Ctenodactyl**** case (was: Dromiina)

Ken Kinman kinman2 at YAHOO.COM
Mon Nov 1 15:10:44 CST 2004

     It does look like something needs to be done in the Ctenodactyl**** case (I don't know of any action that has been taken to date).  I would also agree the mammal taxon is the one that should be conserved as it is.  The use of Superfamily Ctenodactyloidea alone probably exceeds that of the beetle taxa (tribe, supertribe, and subfamily), and the use of Family Ctenodactylidae would dwarf it.

    This family of mammals is also very controversial and phylogenetically important, being so close to the origin of Order Rodentia.  Thus it is the only living representative of at least two subordinal taxa (Ctenodactylomorpha and Arvicolida), and also is used as the first two syllables of the large "clade" Ctenohystrica (named in 2000).  [NOTE: although Ctenohystrica could well be holophyletic, two other possible topologies could render it paraphyletic].  In summary, Ctenodactylidae is so important to mammalogists that I would recommend that entomologists not even try to get it emended (rather than the beetle names).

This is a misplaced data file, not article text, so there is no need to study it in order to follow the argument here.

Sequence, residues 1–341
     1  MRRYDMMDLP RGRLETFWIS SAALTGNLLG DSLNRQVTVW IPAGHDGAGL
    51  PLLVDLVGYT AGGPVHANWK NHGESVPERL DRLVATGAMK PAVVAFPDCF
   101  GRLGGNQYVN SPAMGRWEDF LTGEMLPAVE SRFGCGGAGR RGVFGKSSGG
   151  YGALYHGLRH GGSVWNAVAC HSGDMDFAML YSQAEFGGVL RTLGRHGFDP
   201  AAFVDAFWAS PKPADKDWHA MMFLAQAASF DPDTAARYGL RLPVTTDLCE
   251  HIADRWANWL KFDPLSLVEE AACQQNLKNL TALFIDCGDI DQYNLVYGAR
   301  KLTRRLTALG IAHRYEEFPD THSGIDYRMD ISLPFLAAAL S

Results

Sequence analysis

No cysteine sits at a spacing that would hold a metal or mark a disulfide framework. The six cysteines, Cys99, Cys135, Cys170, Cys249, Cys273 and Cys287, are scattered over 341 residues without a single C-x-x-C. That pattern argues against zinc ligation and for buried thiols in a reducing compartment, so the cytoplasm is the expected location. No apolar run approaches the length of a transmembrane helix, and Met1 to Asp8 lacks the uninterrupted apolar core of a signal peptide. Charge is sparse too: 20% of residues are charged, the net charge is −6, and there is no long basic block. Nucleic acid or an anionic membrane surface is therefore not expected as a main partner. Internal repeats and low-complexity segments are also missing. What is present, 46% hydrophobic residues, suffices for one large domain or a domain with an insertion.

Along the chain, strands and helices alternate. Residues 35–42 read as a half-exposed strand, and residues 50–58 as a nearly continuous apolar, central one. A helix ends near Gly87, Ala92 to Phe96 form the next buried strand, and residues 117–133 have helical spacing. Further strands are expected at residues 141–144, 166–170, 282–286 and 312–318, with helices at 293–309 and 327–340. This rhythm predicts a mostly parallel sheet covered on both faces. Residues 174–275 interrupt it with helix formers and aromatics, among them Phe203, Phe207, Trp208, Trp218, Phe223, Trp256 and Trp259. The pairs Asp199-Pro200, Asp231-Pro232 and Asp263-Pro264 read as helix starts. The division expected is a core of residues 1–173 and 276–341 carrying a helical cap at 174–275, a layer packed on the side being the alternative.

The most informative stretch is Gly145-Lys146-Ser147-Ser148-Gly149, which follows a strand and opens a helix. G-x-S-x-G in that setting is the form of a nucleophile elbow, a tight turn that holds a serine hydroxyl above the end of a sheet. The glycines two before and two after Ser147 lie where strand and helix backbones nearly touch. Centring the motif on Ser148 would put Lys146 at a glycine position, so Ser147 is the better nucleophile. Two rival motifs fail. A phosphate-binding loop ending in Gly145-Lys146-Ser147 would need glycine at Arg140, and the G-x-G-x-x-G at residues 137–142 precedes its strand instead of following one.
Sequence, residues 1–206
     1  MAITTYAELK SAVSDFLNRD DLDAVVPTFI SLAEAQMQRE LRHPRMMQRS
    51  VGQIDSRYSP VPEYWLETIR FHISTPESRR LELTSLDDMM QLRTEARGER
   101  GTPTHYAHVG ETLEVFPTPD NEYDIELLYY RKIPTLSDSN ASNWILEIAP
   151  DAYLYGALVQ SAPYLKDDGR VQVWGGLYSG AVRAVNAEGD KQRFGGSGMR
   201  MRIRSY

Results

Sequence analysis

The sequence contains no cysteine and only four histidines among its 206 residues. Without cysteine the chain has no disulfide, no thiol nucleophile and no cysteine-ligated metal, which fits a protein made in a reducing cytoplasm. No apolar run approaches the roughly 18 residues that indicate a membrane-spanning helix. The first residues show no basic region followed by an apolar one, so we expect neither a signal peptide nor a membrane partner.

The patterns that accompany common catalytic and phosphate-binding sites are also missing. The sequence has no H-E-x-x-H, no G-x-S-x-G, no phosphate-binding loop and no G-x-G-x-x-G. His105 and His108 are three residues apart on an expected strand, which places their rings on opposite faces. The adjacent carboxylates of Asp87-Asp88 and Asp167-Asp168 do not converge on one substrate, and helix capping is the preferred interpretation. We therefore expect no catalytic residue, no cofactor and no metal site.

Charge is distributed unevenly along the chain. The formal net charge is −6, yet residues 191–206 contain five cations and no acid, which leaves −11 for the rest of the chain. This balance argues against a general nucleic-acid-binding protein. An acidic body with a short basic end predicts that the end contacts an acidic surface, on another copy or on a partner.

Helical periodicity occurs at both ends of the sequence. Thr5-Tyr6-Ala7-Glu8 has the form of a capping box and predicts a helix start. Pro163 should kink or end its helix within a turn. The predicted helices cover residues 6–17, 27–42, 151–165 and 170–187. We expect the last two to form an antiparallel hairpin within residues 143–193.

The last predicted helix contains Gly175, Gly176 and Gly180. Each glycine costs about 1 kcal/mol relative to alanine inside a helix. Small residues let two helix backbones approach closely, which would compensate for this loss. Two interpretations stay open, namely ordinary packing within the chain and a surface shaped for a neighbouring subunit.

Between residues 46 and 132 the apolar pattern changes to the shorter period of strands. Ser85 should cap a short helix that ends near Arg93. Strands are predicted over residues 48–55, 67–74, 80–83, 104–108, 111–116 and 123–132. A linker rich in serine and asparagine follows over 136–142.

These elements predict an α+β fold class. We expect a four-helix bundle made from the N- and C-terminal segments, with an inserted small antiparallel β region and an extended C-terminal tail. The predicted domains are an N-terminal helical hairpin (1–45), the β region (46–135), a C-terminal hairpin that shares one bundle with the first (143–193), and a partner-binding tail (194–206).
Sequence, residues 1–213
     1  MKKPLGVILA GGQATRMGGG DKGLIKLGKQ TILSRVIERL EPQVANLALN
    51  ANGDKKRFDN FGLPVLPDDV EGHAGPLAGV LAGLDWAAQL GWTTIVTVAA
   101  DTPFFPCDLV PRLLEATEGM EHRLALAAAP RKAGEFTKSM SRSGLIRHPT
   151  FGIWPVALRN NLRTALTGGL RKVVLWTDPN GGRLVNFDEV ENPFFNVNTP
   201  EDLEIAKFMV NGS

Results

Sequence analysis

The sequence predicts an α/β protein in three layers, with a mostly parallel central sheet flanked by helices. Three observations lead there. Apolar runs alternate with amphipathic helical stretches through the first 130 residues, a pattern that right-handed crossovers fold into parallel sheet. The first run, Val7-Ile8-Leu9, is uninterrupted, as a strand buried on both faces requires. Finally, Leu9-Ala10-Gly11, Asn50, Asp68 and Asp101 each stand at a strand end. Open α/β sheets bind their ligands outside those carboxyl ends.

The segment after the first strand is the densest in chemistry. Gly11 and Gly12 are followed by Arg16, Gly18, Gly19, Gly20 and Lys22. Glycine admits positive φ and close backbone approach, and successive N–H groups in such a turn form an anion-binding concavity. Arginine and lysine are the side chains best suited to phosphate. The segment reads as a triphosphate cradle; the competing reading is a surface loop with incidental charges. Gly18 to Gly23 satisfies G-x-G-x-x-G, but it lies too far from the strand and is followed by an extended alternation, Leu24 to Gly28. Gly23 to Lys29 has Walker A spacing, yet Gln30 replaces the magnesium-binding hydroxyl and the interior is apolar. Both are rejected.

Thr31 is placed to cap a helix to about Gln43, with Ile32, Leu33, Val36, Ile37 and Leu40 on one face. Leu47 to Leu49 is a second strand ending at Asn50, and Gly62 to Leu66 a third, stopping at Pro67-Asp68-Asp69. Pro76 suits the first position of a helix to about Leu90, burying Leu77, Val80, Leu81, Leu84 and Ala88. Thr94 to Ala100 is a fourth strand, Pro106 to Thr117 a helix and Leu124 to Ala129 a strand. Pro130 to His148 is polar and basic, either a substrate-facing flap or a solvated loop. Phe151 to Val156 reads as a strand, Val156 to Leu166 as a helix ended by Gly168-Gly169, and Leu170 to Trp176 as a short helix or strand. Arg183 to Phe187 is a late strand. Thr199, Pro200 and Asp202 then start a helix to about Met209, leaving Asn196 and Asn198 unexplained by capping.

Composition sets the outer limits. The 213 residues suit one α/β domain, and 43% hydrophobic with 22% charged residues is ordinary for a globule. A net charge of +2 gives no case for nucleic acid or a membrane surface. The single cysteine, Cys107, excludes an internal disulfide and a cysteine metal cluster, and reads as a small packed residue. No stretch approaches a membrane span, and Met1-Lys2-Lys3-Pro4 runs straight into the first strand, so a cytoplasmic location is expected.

----- Ken
Wolfgang wrote:
     Probably, a similar proposal will be (or already was??) desirable for the other homonymy which I already mentioned on this listserve, a couple of months ago:
Ctenodactylinae Castelnau, 1834 (sometimes ranked at tribal level with ending -ini only) in Insecta Coleoptera Carabidae, based on the genus Ctenodactyla Dejean, 1825 is a homonym of Ctenodactylidae Gervais, 1853 based on the genus Ctenodactylus Gray, 1830.  The junior homonym seems to be a well-known name in Mammalia Rodentia, at the higher family level, so I guess it's also used a lot more than the name in carabid beetles.

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